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Periodontics

Questions


What is periodontal disease?

In the broadest sense, the term gum disease--or periodontal disease--describes bacterial growth and production of factors that gradually destroy the tissue surrounding and supporting the teeth. "Periodontal" means "around the tooth."

Gingivitis and periodontitis are the two main stages of periodontal disease. When gingivitis is left untreated, it can advance to periodontitis. At this point, the inner layer of the gum and bone pull away from the teeth (recede) and form pockets which collect debris, are difficult to clean, and can become infected.

Bacterial toxins and the body's immune system fighting the infection actually start to break down the bone and connective tissue that hold teeth in place. If the disease progresses, the pockets deepen and more gum tissue and bone are destroyed. When unchecked, this will eventually lead to the loss of teeth.

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What are the signs and symptoms of periodontal disease?

Periodontal disease may progress painlessly, producing few obvious signs, even in the late stages of the disease. Although the symptoms of periodontal disease often are subtle, the condition is not entirely without warning signs. Certain symptoms may point to some form of the disease. They include:

  • gums that bleed during and after toothbrushing
  • red, swollen or tender gums
  • persistent bad breath or bad taste in the mouth
  • receding gums
  • formation of deep pockets between teeth and gums
  • loose or shifting teeth
  • changes in the way teeth fit together on biting, or in the fit of partial dentures.

The American Academy of Periodontology (AAP) says that up to 30 percent of the U.S. population may be genetically susceptible to gum disease. And, despite aggressive oral care habits, people who are genetically predisposed may be up to six times more likely to develop some form of gum disease.

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How is periodontal disease treated?

The goal of periodontal treatment is to control any infection that exists and to halt progression of the disease. Opinions about which treatment methods to use vary in the periodontal field. For some people, certain procedures may be safer, more effective, and more comfortable than others may be. Which treatment your dentist or periodontist chooses will most likely depend on how far your disease has progressed, how you may have responded to earlier treatments, or your overall health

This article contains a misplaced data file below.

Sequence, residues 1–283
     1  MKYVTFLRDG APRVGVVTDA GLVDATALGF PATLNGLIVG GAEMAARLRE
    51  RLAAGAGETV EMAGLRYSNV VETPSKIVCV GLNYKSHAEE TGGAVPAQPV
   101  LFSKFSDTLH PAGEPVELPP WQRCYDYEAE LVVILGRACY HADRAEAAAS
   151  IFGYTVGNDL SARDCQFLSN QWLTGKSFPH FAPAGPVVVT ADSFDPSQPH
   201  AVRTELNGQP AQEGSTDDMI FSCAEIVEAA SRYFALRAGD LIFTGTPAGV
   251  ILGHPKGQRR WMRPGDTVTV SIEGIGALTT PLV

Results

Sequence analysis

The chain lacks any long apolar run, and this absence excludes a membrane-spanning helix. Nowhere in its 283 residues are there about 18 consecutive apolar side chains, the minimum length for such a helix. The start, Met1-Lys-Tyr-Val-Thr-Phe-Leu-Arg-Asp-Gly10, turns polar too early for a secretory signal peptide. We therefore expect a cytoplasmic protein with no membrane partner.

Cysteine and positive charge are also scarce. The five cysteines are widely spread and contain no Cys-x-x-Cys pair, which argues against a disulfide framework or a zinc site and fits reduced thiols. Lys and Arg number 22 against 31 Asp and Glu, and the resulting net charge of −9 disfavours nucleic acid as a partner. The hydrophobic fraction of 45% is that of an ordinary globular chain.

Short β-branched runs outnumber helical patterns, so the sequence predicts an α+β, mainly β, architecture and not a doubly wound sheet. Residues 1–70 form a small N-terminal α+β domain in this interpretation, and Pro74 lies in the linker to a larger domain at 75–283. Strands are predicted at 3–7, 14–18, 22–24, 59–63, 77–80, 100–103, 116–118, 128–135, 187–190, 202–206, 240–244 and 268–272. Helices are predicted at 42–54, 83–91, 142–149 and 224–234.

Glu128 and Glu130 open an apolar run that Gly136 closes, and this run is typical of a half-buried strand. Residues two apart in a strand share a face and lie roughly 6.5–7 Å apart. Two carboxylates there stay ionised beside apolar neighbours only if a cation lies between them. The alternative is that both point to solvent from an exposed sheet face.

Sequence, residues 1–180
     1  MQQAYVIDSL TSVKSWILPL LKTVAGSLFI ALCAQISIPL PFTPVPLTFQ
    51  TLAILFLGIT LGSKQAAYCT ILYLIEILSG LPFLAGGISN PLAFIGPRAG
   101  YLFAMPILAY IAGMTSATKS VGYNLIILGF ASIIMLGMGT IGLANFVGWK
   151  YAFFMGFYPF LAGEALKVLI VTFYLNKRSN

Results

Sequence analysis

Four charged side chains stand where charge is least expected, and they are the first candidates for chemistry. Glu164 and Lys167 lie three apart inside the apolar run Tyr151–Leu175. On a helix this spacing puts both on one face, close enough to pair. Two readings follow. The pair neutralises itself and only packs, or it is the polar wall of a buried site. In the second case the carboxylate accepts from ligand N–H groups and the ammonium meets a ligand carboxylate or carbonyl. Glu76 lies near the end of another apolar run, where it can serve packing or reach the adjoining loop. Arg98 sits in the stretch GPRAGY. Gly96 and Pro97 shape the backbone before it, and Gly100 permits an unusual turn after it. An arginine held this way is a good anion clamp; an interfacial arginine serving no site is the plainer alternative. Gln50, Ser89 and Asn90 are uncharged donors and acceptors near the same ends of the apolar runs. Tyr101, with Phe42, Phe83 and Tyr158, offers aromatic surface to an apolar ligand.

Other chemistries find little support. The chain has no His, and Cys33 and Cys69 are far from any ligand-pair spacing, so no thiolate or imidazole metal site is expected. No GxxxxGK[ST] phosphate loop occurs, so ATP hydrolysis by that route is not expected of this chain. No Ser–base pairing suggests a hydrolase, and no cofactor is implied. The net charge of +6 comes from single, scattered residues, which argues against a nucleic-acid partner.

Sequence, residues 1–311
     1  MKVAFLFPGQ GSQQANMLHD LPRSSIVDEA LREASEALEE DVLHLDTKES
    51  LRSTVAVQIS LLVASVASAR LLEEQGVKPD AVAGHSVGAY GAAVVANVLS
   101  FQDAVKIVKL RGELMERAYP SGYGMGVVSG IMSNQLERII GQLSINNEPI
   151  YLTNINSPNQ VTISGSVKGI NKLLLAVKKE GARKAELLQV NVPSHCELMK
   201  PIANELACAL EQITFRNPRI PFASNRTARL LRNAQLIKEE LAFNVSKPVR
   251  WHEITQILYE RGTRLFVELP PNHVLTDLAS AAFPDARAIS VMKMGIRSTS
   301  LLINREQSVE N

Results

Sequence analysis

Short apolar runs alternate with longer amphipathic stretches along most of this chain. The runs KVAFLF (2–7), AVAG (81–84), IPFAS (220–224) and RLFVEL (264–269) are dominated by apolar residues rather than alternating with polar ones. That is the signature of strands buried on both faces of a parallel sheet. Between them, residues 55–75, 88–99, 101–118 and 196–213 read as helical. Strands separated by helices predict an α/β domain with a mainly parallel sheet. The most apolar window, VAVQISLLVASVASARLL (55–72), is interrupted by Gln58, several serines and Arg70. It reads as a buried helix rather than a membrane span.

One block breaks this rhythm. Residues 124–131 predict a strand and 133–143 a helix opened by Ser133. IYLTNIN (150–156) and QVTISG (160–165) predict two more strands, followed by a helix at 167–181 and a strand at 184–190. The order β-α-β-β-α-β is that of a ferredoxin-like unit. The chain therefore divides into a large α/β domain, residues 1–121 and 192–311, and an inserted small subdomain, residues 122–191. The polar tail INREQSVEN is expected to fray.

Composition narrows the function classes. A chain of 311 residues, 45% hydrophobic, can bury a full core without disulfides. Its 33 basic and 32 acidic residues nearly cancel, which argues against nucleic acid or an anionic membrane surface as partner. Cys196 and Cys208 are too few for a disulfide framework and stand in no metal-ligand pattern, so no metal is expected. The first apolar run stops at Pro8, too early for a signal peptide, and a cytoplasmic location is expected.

• Curettage--a scraping away of the diseased gum tissue in the infected pocket, which permits the infected area to heal.

  • Flap surgery--involves lifting back the gums and removing the tartar. The gums are then sewn back in place so that the tissue fits snugly around the tooth. This method also reduces the pocket and areas where bacteria grow.

  • Bone grafts--used to replace bone destroyed by periodontitis. Tiny fragments of your own bone, synthetic bone, or donated bone are placed where bone was lost. These grafts serve as a platform for the regrowth of bone, which restores stability to teeth.

  • Soft tissue grafts--reinforce thin gums or fill in places where gums have receded. Grafted tissue, most often taken from the roof of the mouth, is stitched in place over the affected area.

  • Guided tissue regeneration--stimulates bone and gum tissue growth. Done in combination with flap surgery, a small piece of mesh-like fabric is inserted between the bone and gum tissue. This keeps the gum tissue from growing into the area where the bone should be, allowing the bone and connective tissue to regrow to better support the teeth.

  • Bone (osseous) surgery--smoothes shallow craters in the bone due to moderate and advanced bone loss. Following flap surgery, the bone around the tooth is reshaped to decrease the craters. This makes it harder for bacteria to collect and grow.